Referring now to Fig. 6, the schematic circuit diagram of a logical mutually exclusive or circuit employing a pair of R-L time constant networks will be explained. The R-L networks consist of the resistors 82 and 84 and the inductance devices 86 and 88. The latter devices are provided with cores of ferromagnetic materials having the characteristics substantially as described in conjunc- '92 and ground. The diodes 98 and 100 are connected betweentheir respective input terminal and the associated R-L time constant network. The output'transformer 102, in this instance, has its primary coil 104 arranged with one terminal connected to the junction between the resistance and inductance of each time constant network. A diode is connected between this same point and ground, the diodes in the two time constant networks 'being'identified by the reference numerals 106 and 1.08. As in the other embodiments the diodes are provided to prevent pulses of an undesirable polarity from the output, just as the diode 110 is provided in the secondary coil 112. The inductance devices 86 and 88 may be reset by the application of a negative-pulse to the reset windings 114 and 116 respectively'on the cores. The cancelling action of the currents flowing through the primary coil 104 is substantially the same as in the embodiment described in conjunction with Fig. 5.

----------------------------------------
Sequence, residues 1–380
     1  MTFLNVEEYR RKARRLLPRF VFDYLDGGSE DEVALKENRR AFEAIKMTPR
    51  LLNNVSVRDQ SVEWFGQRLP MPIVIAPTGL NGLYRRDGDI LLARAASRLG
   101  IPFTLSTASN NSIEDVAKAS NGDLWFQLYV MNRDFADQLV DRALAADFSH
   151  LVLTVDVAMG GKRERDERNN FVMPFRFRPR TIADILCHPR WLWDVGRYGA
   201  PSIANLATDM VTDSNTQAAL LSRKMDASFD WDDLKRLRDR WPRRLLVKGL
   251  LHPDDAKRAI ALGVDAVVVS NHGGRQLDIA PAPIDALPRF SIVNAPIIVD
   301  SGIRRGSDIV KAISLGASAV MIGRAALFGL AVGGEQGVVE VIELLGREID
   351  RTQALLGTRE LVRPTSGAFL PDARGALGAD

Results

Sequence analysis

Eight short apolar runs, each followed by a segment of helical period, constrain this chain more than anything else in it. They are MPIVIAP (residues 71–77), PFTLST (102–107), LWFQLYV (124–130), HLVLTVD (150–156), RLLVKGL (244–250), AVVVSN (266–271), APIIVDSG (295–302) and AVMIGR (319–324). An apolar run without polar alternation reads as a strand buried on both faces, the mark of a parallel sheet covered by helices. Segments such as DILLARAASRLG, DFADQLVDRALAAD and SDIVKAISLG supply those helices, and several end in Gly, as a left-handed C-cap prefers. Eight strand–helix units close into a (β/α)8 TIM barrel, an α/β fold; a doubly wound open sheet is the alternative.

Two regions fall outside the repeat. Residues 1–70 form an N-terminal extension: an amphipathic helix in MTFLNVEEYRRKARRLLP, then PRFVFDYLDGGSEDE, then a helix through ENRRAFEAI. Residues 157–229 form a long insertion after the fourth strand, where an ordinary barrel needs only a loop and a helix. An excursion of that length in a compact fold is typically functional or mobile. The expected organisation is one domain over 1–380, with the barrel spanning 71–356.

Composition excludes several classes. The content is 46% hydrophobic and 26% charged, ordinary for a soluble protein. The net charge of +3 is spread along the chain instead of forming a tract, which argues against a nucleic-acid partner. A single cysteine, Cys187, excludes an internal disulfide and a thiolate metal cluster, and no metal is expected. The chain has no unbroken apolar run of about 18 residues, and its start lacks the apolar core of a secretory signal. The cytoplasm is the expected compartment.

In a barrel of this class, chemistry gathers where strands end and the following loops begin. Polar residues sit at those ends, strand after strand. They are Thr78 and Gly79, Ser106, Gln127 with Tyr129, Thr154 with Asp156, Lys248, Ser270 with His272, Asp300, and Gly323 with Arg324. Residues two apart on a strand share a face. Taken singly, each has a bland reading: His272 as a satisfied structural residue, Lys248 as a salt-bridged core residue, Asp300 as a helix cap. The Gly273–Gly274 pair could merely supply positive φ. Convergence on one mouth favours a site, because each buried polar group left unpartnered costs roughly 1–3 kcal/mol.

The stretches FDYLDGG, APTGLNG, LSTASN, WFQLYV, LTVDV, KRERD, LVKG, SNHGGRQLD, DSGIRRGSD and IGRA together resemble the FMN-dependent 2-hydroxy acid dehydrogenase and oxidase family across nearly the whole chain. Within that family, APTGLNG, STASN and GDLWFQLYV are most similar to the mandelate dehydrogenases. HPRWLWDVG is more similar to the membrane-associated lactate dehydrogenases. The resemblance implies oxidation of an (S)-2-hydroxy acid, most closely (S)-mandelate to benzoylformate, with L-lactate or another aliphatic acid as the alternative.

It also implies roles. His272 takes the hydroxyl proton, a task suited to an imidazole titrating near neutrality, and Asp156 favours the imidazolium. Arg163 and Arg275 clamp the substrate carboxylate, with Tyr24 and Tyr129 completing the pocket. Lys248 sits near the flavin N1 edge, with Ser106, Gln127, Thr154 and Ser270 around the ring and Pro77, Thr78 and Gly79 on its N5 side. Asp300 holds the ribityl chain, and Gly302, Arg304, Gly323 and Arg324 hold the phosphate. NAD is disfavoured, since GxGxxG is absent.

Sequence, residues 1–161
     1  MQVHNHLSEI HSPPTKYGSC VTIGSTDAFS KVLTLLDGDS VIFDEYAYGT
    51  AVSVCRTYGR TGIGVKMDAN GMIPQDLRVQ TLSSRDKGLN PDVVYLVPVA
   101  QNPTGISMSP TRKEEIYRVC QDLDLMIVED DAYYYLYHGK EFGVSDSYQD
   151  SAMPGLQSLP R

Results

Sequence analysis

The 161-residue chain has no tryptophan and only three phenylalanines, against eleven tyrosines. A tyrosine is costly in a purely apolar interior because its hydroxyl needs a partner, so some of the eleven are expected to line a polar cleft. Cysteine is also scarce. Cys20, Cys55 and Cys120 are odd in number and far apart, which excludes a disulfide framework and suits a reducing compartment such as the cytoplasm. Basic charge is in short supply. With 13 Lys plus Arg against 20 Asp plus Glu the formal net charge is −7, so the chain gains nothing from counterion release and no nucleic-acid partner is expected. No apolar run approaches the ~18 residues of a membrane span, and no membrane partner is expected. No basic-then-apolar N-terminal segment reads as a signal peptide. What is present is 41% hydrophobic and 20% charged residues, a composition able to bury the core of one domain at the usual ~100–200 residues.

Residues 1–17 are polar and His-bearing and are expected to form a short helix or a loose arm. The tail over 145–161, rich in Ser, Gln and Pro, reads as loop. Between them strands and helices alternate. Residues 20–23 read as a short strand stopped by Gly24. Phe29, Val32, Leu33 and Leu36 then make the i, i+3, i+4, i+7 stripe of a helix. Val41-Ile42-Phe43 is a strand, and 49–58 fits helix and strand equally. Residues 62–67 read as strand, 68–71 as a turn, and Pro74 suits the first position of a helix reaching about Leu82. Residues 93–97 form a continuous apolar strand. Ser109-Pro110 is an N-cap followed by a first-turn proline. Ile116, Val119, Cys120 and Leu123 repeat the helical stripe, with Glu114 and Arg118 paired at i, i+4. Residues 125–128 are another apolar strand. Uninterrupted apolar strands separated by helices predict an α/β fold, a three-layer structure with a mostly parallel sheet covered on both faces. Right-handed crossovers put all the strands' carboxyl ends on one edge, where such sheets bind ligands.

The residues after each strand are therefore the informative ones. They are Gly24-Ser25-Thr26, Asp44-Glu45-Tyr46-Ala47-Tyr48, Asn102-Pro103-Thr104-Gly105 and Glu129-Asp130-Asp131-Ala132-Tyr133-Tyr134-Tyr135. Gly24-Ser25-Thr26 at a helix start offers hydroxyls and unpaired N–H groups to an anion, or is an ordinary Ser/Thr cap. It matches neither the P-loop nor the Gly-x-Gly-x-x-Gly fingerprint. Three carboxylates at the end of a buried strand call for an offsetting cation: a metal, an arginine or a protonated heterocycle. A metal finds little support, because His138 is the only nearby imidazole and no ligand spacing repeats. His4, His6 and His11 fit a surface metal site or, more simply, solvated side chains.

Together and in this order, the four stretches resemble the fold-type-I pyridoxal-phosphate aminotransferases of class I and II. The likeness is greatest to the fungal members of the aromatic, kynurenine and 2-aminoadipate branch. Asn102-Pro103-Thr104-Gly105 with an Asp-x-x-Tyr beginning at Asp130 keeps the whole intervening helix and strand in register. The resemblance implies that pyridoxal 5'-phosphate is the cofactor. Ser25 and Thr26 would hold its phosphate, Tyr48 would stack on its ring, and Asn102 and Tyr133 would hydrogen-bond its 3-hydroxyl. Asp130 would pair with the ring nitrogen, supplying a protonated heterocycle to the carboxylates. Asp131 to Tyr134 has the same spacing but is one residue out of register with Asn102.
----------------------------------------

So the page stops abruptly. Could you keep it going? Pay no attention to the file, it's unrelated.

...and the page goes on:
Referring now to Figs. 7 and 8, a gating circuit employing a pair of non-linear capacitors will be explained. The